If you're investing in government bonds, IRR may indeed be, in effect, the only risk that you are exposed to as the issuer is not likely to go out of business and your bond will pay out once it reaches maturity. The interest the bond pays out, however, could become less favourable if market forces push interest rates up.
Selling bonds is another common way to profit from them, but this becomes much harder – and much less profitable – when interest rates are just as high elsewhere, if not higher.
What causes interest rate risk?
How much interest rate risk you are exposed to can depend on several factors.
- The longer the term of your bond, the more risk you face as a greater timespan offers more chances for market conditions to change. Just imagine how much IRR models will have fluctuated since the start of 2020 alone…
- Different types of bonds are attached to different interest rates. For example, corporate bonds from riskier organisations – aka junk bonds – come with higher interest rates, leaving you less open to IRR. However, this is generally offset by a much higher default risk, which would see you lose your entire investment if the issuer went bust.
How to manage interest rate risk
Like any other kind of investment risk, your interest rate risk exposure can be mitigated against when you consider your portfolio as a whole. While you can't necessarily stop rising interest rates from affecting the value of your bond investments, you can make sure that you retain value in other areas.
Measuring interest rate risk
Charting previous rises in interest rates can help you attempt to predict the impact of future movements and calculate your interest rate risk. For example, the biggest change in the Bank of England's rate in a decade came in November 2022 when it rose 0.75 percentage points to 3%.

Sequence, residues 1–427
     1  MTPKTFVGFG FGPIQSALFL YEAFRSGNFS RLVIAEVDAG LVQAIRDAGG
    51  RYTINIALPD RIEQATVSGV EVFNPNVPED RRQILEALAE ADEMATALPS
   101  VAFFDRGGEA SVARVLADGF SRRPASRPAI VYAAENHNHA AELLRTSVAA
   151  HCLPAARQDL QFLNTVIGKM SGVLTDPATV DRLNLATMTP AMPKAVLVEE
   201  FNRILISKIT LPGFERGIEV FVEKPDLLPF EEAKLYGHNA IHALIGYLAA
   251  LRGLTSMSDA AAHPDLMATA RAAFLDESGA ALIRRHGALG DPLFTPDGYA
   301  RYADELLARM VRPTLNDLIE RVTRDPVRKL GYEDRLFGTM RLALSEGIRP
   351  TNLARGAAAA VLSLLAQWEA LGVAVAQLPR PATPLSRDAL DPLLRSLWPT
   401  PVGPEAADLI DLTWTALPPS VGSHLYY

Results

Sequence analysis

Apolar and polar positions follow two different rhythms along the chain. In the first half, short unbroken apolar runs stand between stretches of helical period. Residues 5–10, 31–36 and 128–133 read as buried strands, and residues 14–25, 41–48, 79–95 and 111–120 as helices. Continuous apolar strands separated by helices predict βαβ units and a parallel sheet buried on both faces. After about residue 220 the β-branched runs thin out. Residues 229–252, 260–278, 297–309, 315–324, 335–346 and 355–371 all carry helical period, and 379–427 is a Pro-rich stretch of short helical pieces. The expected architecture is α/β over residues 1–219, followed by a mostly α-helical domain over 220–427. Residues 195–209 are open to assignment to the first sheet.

Rising rates will decrease the value of your bonds, so timing a sale right is key to minimising losses. Mapping out what future changes – good and bad – mean to the overall value of your bonds can help you create an optimal sell point.
Hedging interest rate risk
Hedging can help to minimise your risk, especially when investing in corporate bonds, although note this is not a strategy that maximises returns.
Derivatives such as CFDs may enable you to take a short position on the organisation you are a bondholder with. As such, if rates change and your bonds lose value, any drop in the company's price will offer you a return and limit the damage.
Another interest rate risk hedging strategy is to do so with futures. These contracts can often be written to sell assets in the event of interest rates changing, protecting your liquidity.
Diversifying to reduce your interest rate risk exposure
Many alternative investments to bonds are far less likely to be impacted by interest rate risk. For example, the value of equities relies much more on the performance of the relevant company and more obscure assets such as artwork also have their value defined by other factors.
Diversification is also possible in bond-only portfolios. By combining lower-risk government bonds and higher-yield corporate bonds, as well as taking bonds with short, medium and long-term maturities, you offer yourself manoeuvrability in the event of changing market forces altering the value of your holdings.
How to manage interest rate risk with FXCM
Diversification is key if you want to avoid the pitfalls of interest rate risk. The great news is that FXCM offers you the chance to run a varied portfolio all from one place with the Trading Station platform.
Once you're confident in your strategies, open an account with FXCM to put them into practice.
FXCM Research Team
FXCM Research Team consists of a number of FXCM's Market and Product Specialists.
Articles published by FXCM Research Team generally have numerous contributors and aim to provide general Educational and Informative content on Market News and Products.